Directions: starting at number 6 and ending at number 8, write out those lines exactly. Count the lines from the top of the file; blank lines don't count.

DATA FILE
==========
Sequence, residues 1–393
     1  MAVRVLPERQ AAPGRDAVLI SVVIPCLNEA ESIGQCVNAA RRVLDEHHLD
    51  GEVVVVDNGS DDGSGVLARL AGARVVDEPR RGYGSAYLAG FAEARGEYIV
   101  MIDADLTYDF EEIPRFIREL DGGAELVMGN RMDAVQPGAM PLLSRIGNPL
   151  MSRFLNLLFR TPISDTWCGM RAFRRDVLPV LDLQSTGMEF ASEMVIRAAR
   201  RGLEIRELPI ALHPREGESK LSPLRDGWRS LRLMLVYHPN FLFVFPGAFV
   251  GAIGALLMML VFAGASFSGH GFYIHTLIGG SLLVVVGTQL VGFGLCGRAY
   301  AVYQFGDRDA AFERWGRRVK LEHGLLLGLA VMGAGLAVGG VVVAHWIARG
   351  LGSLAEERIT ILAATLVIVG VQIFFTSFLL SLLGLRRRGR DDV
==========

   201  RGLEIRELPI ALHPREGESK LSPLRDGWRS LRLMLVYHPN FLFVFPGAFV
   251  GAIGALLMML VFAGASFSGH GFYIHTLIGG SLLVVVGTQL VGFGLCGRAY
   301  AVYQFGDRDA AFERWGRRVK LEHGLLLGLA VMGAGLAVGG VVVAHWIARG